Paltry pay in colleges keeping teachers at bay?

Engg colleges have increased seats in new-age courses, but can’t find enough teachers for salary they’d like to pay 

Published: 22nd August 2022 05:06 AM  |   Last Updated: 22nd August 2022 05:06 AM   |  A+A-

Anna University’s College of Engineering, Guindy. (Photo | Ashwin Prasath)

Anna University’s College of Engineering, Guindy. (Photo | Ashwin Prasath)

Express News Service

CHENNAI:  The huge demand for computer science engineering and allied courses have made colleges increase seats in these subjects. They, however, claim to find qualified teachers was hard. Several colleges have started a combination of courses in computer science engineering along with Artificial  Intelligence (AI), Machine Learning (ML) and Data Science (DS) to cater to the rising demand.

Moreover, Anna University, the affiliating university of engineering colleges in TN, have recently introduced a new curriculum this year, which includes latest technology-based courses in different subjects such as Deep Learning and ML, which can be taught only by qualified teachers.

Many academicians feel that the quality of education will be compromised if an adequate number of quality teachers are not appointed by the colleges to teach these subjects. According to experts, there are several reasons responsible for the scenario such as paltry pay packages and poor working conditions in private engineering colleges across the State and lucrative jobs in the IT sector.

“Getting a qualified teacher to teach courses like computer science engineering, AI, and ML is a huge problem. Experienced teachers are not ready to work for the salary we are paying,” said the principal of a private engineering college. The same was the case with five other private engineering colleges that TNIE visited.

KM Karthik, coordinator of All India Private Colleges Employees Union (AIPCEU), feared that students would ultimately suffer as no action would be initiated against the colleges for not hiring adequate and quality teachers.

“There is, however, no dearth of quality faculty members, but the engineering colleges are not ready to pay them what they deserve. And neither AICTE nor the State government is bothered about the problems faced by these teachers due to work pressure and poor working conditions. So, why would someone leave their high paying IT job and become a teacher,” said Karthik.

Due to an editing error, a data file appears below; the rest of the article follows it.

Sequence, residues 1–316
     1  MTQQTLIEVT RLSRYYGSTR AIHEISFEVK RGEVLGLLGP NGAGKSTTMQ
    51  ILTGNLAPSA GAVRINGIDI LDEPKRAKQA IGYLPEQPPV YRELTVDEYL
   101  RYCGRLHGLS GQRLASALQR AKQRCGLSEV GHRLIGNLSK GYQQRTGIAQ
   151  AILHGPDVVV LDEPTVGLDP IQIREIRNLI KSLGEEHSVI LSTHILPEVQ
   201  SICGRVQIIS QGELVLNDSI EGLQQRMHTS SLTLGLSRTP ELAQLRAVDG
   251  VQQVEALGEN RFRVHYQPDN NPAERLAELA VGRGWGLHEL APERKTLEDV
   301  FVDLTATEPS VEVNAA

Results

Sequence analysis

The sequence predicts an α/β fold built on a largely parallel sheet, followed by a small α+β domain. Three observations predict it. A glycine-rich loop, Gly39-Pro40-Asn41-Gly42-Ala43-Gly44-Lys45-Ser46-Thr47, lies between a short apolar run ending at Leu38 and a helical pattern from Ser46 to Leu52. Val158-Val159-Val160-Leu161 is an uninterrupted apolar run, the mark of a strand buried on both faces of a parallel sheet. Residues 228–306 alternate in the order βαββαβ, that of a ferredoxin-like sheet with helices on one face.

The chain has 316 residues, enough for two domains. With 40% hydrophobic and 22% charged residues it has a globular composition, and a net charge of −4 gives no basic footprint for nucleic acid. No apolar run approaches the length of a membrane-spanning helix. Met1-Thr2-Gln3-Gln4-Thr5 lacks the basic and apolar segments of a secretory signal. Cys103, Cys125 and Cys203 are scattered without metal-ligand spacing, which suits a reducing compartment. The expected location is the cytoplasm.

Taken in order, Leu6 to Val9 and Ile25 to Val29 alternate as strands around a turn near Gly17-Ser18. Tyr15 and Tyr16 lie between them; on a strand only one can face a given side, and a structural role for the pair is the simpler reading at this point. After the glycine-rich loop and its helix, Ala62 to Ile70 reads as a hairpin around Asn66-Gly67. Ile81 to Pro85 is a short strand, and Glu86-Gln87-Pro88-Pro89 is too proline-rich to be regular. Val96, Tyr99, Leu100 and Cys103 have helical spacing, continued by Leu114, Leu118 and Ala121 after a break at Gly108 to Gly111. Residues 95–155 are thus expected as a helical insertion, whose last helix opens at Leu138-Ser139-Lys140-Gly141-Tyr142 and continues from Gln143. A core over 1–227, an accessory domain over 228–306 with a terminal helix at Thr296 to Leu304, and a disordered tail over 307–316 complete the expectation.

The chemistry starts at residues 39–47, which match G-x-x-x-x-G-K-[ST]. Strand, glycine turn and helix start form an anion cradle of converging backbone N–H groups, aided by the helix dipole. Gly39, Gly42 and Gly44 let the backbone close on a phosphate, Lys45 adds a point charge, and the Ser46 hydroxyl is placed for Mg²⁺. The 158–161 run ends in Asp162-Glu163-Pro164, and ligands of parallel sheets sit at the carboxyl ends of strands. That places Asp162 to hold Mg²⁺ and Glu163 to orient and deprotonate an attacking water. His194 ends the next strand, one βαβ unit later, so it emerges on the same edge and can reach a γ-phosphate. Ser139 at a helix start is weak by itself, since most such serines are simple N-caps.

He further pointed out that recently, 225 engineering colleges were issued show-cause notices after Anna University found lacunae in the number and quality of the faculty members, but within 15 days a majority of the colleges were granted affiliation. “If everything is fine on paper, authorities are not worried if there are actually enough teachers for the students,” he said. 

Career guidance expert Jayaprakash Gandhi feels the motive of introducing these latest courses will be of no use if the colleges fail to hire quality faculty. “We cannot make our students employable if we don't teach them AI and ML properly. We need to train our teachers in latest updates in CSE, AI, and ML courses,” said Gandhi.

Vice-Chancellor of Anna University R Velraj said he was aware of the problem and had chalked out measures to deal with it. “A new curriculum has been introduced and we know it will be difficult for teachers. So, we have decided to organise training programmes for faculty members. We will call industry experts to train our faculty and will also ask affiliated colleges to do so,” said Velraj. Compared with the 27,006 computer science and engineering seats in 2021, this year, the number increased to 42,000.


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